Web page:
Cancer was the second leading cause of death in the U.S. in 2020. Although billions of dollars have been poured into cancer research, the results are still disappointing for many patients who pay hundreds of thousands of dollars to extend their lives for just a few more months. But why do cancer therapies fail?

I’m a doctoral student at the Moffitt Cancer Center and the University of South Florida who develops and applies mathematical and evolutionary theories to understand how cancer works and how to best treat it. And I believe that approaching cancer treatment through the lens of ecology and evolution may help doctors and researchers grapple with this question and fight more effectively against cancer.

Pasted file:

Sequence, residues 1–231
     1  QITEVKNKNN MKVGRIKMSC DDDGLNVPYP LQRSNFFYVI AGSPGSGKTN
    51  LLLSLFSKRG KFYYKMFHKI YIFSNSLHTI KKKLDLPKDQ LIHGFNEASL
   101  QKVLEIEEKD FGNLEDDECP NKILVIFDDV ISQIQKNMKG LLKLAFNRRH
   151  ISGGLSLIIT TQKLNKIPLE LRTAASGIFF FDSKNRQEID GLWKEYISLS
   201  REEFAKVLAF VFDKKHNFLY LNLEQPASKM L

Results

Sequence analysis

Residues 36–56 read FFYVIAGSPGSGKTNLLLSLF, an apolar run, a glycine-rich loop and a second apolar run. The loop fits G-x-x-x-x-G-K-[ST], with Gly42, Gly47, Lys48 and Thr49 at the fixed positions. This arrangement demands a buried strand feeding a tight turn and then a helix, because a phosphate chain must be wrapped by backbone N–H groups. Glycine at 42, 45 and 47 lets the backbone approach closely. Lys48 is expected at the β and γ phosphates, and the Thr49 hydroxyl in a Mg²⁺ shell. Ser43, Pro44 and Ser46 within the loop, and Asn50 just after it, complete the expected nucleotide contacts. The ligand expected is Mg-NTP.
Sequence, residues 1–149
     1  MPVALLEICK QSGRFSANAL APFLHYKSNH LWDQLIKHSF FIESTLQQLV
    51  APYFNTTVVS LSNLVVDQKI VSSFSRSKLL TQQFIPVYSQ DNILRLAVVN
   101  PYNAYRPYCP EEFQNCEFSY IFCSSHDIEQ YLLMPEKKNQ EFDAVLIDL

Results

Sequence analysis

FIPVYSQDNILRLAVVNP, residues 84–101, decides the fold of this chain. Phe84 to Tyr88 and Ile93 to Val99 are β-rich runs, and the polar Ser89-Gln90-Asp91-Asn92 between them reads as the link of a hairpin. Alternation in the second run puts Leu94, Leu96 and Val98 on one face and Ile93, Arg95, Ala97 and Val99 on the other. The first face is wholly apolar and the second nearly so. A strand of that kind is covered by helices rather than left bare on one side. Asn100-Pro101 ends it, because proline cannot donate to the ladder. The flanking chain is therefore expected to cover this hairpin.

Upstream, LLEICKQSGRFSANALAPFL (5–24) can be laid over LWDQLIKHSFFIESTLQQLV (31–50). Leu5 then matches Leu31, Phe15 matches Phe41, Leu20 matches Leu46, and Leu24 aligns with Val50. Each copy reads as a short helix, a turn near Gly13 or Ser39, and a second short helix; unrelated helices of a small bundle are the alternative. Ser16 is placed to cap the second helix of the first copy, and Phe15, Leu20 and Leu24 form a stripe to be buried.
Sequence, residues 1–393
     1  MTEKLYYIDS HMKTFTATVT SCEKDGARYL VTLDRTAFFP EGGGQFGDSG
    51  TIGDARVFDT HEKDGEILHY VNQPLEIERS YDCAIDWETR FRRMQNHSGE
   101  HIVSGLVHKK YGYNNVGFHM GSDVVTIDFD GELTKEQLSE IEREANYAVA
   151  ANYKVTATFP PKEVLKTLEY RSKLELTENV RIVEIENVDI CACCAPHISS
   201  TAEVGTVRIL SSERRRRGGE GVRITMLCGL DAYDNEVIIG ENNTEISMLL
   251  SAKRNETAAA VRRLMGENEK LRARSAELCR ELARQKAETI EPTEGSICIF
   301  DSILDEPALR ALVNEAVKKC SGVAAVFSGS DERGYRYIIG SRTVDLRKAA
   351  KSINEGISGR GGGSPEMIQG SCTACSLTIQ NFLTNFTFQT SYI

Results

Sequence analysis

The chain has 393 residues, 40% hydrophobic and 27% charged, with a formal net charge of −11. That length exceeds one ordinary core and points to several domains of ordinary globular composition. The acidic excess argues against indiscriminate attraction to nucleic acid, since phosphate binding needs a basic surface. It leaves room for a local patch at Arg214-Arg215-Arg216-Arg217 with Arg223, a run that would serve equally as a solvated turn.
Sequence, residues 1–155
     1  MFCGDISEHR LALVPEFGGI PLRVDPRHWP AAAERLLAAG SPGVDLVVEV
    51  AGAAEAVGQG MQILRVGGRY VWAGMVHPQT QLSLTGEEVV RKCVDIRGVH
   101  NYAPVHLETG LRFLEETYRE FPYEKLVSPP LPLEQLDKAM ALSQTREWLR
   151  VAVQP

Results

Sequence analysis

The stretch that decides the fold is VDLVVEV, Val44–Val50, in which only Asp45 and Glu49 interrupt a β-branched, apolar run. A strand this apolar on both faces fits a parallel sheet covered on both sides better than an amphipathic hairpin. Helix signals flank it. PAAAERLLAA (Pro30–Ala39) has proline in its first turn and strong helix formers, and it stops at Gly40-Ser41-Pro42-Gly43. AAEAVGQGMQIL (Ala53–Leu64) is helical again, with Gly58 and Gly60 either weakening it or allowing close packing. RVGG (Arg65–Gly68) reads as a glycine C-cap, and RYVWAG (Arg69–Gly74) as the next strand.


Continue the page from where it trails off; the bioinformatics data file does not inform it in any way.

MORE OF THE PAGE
For decades, standard treatment for cancer involved bombarding patients with the maximum tolerable dose of a drug, attempting to kill as many cancer cells as possible while minimizing adverse side effects.

However, the cancer cells that make up a tumor are not all the same. By random chance, some of these cells develop mutations, or alterations in the cell’s genetic material, that make them immune to a drug. These cells can then proliferate and repopulate the tumor, leading to therapeutic resistance that renders the drug ineffective.

When this occurs, physicians typically switch to another drug that targets a different aspect of the cancer cells. This continues until a therapy is able to effectively control the cancer or no more drugs are available, at which point patients are provided hospice care to make their last days as comfortable as possible.